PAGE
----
SoftBank's Masayoshi Son wants to spend $880 billion in tech venture funding

Ian Scales
By Ian Scales

Oct 20, 2017

via Flickr ©  Financial Times photos (CC BY 2.0)

via Flickr © Financial Times photos (CC BY 2.0)

A sign, if nothing else, of just how much money is sloshing around the world since quantitative easing and looking for a home: According to Recode and other news outlets, Masayoshi Son, CEO of Softbank, may unleash as much as $880 Billion  (just let that number sink in) into global tech ventures. This amount dwarfs Son’s original Saudi-backed Vision Fund which rocked the investment scene about a year ago. Then he announced it would invest a mere $80 billion on high tech ventures, bringing young companies with good ideas to market.

The world’s tech investment experts were somewhat rocked back on their heels with the first announcement - they are shell-shocked by the second. (Son seems to enjoy dead-panning provocative announcements to create a stir - and why not?)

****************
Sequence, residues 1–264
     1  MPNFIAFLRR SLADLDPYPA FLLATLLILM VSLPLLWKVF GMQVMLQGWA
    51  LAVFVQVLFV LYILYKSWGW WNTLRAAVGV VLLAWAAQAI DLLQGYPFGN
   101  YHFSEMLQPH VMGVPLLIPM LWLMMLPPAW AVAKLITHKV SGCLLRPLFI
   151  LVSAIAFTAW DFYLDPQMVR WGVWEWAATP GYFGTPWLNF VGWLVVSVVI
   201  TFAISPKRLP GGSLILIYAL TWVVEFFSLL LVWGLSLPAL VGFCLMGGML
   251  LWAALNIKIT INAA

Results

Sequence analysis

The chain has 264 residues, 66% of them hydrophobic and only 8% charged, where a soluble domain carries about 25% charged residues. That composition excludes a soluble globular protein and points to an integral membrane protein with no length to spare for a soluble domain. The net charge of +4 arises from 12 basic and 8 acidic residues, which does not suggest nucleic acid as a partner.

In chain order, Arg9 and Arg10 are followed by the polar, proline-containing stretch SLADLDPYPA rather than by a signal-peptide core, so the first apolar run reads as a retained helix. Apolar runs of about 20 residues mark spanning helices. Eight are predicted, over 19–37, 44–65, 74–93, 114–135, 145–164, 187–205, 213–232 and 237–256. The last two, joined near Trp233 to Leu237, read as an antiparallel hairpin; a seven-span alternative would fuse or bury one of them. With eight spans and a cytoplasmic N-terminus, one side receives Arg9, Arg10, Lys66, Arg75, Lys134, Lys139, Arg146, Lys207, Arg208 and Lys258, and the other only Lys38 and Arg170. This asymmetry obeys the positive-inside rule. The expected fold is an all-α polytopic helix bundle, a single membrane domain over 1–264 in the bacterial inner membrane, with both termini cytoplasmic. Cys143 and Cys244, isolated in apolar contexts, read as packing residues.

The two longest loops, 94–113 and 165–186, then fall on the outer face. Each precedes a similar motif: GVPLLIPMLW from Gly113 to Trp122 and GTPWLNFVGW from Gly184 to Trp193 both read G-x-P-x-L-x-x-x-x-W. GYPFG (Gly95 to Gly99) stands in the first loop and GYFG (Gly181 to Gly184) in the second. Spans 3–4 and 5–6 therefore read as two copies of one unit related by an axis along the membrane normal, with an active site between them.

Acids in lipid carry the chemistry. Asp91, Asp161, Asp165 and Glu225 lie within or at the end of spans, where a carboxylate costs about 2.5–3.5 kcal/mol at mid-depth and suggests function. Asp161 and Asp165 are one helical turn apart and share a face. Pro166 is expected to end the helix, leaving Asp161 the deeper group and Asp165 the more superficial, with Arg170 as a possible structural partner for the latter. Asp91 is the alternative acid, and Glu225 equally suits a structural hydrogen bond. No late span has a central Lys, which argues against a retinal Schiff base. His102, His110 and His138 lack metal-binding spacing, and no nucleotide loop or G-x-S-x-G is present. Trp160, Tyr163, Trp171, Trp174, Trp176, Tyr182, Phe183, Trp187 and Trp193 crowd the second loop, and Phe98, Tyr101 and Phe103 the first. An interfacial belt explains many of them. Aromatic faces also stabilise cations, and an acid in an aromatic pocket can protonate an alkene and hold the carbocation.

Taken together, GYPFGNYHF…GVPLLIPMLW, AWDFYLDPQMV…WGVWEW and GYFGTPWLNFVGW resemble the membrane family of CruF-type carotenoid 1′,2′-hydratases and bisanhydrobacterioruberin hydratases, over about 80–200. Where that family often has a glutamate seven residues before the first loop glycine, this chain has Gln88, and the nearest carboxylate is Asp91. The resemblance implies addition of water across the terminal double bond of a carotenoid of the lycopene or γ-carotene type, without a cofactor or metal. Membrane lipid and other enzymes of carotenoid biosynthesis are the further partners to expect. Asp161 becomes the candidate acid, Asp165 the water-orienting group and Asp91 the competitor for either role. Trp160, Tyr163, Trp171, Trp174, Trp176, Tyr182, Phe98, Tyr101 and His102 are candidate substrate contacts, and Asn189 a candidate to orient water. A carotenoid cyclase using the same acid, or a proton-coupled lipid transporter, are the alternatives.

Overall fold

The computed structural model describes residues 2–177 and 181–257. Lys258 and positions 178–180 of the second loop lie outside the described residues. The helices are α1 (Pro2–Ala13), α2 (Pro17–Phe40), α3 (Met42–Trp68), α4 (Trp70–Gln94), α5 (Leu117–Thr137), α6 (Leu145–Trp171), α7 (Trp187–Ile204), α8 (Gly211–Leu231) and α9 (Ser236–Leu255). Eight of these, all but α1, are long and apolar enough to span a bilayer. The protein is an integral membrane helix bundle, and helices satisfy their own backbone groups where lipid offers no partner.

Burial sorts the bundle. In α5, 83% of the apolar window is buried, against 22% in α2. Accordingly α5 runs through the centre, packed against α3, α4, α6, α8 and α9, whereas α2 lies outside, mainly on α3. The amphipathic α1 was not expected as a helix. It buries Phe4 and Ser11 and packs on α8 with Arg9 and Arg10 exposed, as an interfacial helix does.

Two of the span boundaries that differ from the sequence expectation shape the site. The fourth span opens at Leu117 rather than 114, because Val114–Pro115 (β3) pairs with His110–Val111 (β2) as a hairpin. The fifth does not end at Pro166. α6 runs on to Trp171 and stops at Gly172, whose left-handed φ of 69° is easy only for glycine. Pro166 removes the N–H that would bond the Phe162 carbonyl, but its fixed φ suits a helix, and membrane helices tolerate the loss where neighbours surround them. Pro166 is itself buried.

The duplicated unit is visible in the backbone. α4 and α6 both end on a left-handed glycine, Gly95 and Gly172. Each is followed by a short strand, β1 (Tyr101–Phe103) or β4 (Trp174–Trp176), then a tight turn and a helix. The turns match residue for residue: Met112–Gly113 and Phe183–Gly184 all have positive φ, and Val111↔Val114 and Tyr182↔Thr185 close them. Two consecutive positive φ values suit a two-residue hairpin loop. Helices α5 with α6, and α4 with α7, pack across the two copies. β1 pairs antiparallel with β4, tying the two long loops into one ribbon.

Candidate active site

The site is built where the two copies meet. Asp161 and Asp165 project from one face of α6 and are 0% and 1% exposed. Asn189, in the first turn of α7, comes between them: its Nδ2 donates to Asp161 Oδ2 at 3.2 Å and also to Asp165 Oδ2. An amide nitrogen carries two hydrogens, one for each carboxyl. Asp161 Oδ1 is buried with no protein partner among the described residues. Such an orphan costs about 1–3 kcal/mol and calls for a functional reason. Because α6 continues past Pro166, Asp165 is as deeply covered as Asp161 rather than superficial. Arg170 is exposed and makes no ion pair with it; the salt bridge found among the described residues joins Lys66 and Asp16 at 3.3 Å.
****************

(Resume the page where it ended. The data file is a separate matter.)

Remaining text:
“The Vision Fund was just the first step,” Japan’s wealthiest man told the Nikkei Asian Review. “Ten trillion yen ($88 billion) is simply not enough. We will briskly expand the scale. Vision Funds 2, 3 and 4 will be established every two to three years."

So what’s he up to?

He often buys into companies rather than purchase them outright and then stands back to let them do their thing (or not, in the Case of Sprint). One of his successes is the Chinese e-commerce and Internet business Alibaba Group, for instance. 

So the plan may be to continue investing to get visibility into a disparate set of companies with a view to putting some of them together in disruptive combinations at some point in the future. At the same time, of course, getting a return for the fund’s backers.

One of his reasonably recent ventures however, was to outright buy UK silicon design specialist ARM for $32 billion as part of a foray into IoT.  He has also splashed cash into a Chinese version of the ride-hailing Uber called Didi Chuxing.

Interestingly one of the fund’s original backers, Saudi Arabia, and still presumably providing funds, got a seat on the Uber board in exchange for a $3.5 billion investment.  

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